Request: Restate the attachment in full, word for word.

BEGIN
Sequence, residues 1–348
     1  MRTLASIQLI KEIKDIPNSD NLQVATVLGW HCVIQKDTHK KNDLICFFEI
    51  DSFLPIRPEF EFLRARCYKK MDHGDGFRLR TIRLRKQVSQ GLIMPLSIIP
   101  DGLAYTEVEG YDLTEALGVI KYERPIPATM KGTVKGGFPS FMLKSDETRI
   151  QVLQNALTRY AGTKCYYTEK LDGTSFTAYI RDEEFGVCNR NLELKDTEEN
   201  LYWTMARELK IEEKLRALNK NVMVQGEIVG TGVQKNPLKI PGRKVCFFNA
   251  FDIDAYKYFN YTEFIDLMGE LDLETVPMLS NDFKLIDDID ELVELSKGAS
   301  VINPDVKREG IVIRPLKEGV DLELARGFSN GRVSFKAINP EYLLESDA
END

Sequence, residues 1–348
     1  MRTLASIQLI KEIKDIPNSD NLQVATVLGW HCVIQKDTHK KNDLICFFEI
    51  DSFLPIRPEF EFLRARCYKK MDHGDGFRLR TIRLRKQVSQ GLIMPLSIIP
   101  DGLAYTEVEG YDLTEALGVI KYERPIPATM KGTVKGGFPS FMLKSDETRI
   151  QVLQNALTRY AGTKCYYTEK LDGTSFTAYI RDEEFGVCNR NLELKDTEEN
   201  LYWTMARELK IEEKLRALNK NVMVQGEIVG TGVQKNPLKI PGRKVCFFNA
   251  FDIDAYKYFN YTEFIDLMGE LDLETVPMLS NDFKLIDDID ELVELSKGAS
   301  VINPDVKREG IVIRPLKEGV DLELARGFSN GRVSFKAINP EYLLESDA